Avoid Campaign Work on Office Equipment
Q: I am an aide for a Member of the House with a question about the extent to which staffers may help Members’ re-election campaigns. One of my closest friends is working on my Member’s campaign back in our district. She is currently organizing a campaign fundraising event and has asked me to help compile an invitation list. I stayed at the office late the other night to put together a list of contacts from our office files that I thought would help and plan on e-mailing the list to my friend. I wanted to check before I sent the e-mail, though. Is there anything wrong with sending this information to my Member’s campaign staff?
[IMGCAP(1)]A: Your question is well-timed. Campaign season is gearing up, so you are likely not the only staffer wondering about the constraints that the ethics rules impose on your efforts to support your Member’s re-election. In this case, it is a good thing you asked. I might hold off on pressing “send” until you consider the applicable rules. I think you will see why.
Broadly, your question implicates the general ban on using official resources for campaign purposes. The prohibition covers both the use of official equipment, such as House computers, and the sharing of official lists. The same rule exists on the Senate side. As the Senate Ethics Manual puts it, campaign activities should not take place “on Senate time, using Senate equipment or facilities” because Congressional employees and facilities are paid for with taxpayer funds. The House and Senate rules have their roots in a federal statute that requires appropriations to be applied only to the objects for which they are made. Appropriations made to House and Senate offices should be used for official House and Senate purposes.
According to the House Ethics Manual, the misuse of official resources is a “very serious matter.” Misuse implicates not only staffers who violate the prohibition but also their Members. The House ethics committee takes the position that Members are responsible for assuring the proper use of House resources in their offices, as well as their staff’s awareness of and adherence to the rules. Members must certify that all official funds have been properly spent. False certifications could result in civil or even criminal liability. Therefore, you should take this prohibition very seriously, as should your Member.
The House Ethics Manual lists some of the “official resources” that fall under the prohibition. The list includes Congressional office equipment and Congressional staff time. Note also that it includes work on any campaign, not just the campaign of a staffer’s Member.
In addition, the use of the official resources for nonofficial purposes also raises issues with rules set forth by the House Administration Committee in the Member’s Handbook. The Member’s Handbook describes the types of expenditures for which it is appropriate for Members’ offices to use official funds. The handbook permits reimbursement by the Member’s Representational Allowance only where the primary purpose of the expense is official and representational. Similar restrictions also apply to expenditures from House committees under separate rules administered by the House Administration Committee.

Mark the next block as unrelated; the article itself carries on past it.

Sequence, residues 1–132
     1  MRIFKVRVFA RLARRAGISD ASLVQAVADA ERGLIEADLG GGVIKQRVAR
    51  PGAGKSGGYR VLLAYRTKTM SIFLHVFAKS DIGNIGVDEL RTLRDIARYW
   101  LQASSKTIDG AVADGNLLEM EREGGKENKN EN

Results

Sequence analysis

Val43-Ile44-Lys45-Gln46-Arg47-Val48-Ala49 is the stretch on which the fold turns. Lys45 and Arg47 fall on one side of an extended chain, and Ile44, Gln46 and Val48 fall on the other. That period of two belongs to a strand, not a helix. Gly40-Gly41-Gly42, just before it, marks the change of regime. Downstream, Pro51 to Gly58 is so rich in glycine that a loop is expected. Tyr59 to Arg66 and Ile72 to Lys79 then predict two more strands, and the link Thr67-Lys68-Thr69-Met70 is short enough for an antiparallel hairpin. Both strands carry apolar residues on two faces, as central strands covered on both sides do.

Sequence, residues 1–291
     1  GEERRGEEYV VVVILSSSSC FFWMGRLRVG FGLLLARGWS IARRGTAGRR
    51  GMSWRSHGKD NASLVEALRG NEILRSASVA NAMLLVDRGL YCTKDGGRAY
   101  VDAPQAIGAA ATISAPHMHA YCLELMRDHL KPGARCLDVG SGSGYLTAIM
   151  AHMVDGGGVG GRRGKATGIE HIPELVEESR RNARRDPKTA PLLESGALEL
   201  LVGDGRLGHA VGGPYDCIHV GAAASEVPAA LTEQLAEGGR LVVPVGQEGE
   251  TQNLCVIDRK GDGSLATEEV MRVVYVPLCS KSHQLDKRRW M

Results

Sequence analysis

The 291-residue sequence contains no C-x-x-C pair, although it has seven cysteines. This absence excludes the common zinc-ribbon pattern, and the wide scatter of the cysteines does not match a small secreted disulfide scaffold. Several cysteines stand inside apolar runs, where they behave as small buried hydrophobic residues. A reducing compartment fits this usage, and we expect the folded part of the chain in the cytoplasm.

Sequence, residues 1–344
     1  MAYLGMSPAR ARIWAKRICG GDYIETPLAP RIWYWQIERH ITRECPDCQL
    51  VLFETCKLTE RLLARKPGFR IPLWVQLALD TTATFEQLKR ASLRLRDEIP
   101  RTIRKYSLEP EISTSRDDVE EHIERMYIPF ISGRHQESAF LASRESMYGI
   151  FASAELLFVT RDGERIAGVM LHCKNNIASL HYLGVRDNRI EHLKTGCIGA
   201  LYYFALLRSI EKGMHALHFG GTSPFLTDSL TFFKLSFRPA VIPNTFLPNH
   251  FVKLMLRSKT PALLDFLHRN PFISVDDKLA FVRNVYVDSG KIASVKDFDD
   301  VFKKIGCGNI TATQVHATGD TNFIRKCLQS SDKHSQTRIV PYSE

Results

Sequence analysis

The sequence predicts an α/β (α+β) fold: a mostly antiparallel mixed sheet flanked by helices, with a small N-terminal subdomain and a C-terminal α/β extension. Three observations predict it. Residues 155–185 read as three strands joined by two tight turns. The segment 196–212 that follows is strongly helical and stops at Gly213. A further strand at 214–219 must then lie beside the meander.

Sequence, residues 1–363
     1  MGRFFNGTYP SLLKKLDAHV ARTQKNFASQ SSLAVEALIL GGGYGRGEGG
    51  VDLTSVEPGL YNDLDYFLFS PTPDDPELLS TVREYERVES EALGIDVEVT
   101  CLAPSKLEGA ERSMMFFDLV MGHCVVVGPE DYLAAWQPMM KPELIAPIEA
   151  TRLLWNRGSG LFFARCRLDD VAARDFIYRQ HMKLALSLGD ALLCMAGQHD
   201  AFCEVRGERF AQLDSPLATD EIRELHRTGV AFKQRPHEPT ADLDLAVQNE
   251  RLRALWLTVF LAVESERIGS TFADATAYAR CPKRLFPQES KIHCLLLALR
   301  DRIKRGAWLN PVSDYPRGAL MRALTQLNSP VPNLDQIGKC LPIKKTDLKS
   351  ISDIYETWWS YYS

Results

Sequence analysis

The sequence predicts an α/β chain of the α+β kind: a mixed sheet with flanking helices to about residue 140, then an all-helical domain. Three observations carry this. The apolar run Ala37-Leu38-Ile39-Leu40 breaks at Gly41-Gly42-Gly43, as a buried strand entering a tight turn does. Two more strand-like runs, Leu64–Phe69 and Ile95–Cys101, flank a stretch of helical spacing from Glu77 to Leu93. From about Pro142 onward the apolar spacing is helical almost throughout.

In your case, your use of an official House e-mail account to assist a campaign staffer raises the first flag. Your computer and your e-mail account were provided by the House. While incidental use of House equipment and supplies is permitted under the Member’s Handbook, that use is generally limited to personal, not campaign use, as the House Ethics Manual makes clear. In fact, the House ethics committee has stated that the use of an office fax machine to send out a campaign-related press release violates the rules.
That you plan on sharing a list containing contact information with a campaign staffer raises the second red flag. Depending on how you compiled that list and how the information is used, sending it to a campaign staffer could raise a number of issues. According to the House Ethics Manual, internal office files may not be used for campaign or political purposes. In fact, the manual says, office files may not even be reviewed for names to solicit for campaign contributions. Separately, the Member’s Handbook also bars sharing official mailing lists for campaign purposes.
The Senate Ethics Manual provides an illustrative example. In the example, an editor for a national party’s newsletter asks a Member for the names and addresses of seniors in her state so that they can be sent the newsletter. The manual states that the Member may not send a list drawn from Senate computer files. This is because Senate Rule 40 paragraph 5(c) prohibits the use of Senate computer facilities to produce mailing labels and discs for use “other than in service facilities maintained and operated by the Senate or under contract to the Senate.”
The bad news, then, is that the ethics rules might not allow you to help your friend as much as you’d like, particularly when it comes to using official resources. The good news is that you thought to ask before pressing “send.”
C. Simon Davidson is a partner with the law firm McGuireWoods. Readers should not treat his column as legal advice.